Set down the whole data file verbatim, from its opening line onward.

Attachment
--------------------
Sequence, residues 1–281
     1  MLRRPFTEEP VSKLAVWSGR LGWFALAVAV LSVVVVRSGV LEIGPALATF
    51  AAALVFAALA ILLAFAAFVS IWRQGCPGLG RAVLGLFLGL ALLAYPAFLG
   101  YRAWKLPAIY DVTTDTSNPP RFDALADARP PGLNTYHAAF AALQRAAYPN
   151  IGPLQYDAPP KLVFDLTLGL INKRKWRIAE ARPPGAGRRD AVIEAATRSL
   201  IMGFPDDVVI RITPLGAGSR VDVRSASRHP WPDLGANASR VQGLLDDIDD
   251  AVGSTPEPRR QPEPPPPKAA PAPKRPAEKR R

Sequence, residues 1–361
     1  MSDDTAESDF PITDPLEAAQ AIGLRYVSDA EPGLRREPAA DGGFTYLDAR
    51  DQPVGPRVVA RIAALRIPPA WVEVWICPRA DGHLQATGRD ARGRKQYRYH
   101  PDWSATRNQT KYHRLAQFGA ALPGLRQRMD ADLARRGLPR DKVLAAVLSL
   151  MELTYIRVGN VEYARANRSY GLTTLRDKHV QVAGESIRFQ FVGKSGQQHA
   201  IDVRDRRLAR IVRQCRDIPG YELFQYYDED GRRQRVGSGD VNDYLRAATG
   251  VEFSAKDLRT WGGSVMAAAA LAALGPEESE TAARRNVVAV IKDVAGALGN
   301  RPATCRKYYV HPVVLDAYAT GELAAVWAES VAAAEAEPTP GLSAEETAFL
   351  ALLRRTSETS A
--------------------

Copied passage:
Sequence, residues 1–281
     1  MLRRPFTEEP VSKLAVWSGR LGWFALAVAV LSVVVVRSGV LEIGPALATF
    51  AAALVFAALA ILLAFAAFVS IWRQGCPGLG RAVLGLFLGL ALLAYPAFLG
   101  YRAWKLPAIY DVTTDTSNPP RFDALADARP PGLNTYHAAF AALQRAAYPN
   151  IGPLQYDAPP KLVFDLTLGL INKRKWRIAE ARPPGAGRRD AVIEAATRSL
   201  IMGFPDDVVI RITPLGAGSR VDVRSASRHP WPDLGANASR VQGLLDDIDD
   251  AVGSTPEPRR QPEPPPPKAA PAPKRPAEKR R

Sequence, residues 1–361
     1  MSDDTAESDF PITDPLEAAQ AIGLRYVSDA EPGLRREPAA DGGFTYLDAR
    51  DQPVGPRVVA RIAALRIPPA WVEVWICPRA DGHLQATGRD ARGRKQYRYH
   101  PDWSATRNQT KYHRLAQFGA ALPGLRQRMD ADLARRGLPR DKVLAAVLSL
   151  MELTYIRVGN VEYARANRSY GLTTLRDKHV QVAGESIRFQ FVGKSGQQHA
   201  IDVRDRRLAR IVRQCRDIPG YELFQYYDED GRRQRVGSGD VNDYLRAATG
   251  VEFSAKDLRT WGGSVMAAAA LAALGPEESE TAARRNVVAV IKDVAGALGN
   301  RPATCRKYYV HPVVLDAYAT GELAAVWAES VAAAEAEPTP GLSAEETAFL
   351  ALLRRTSETS A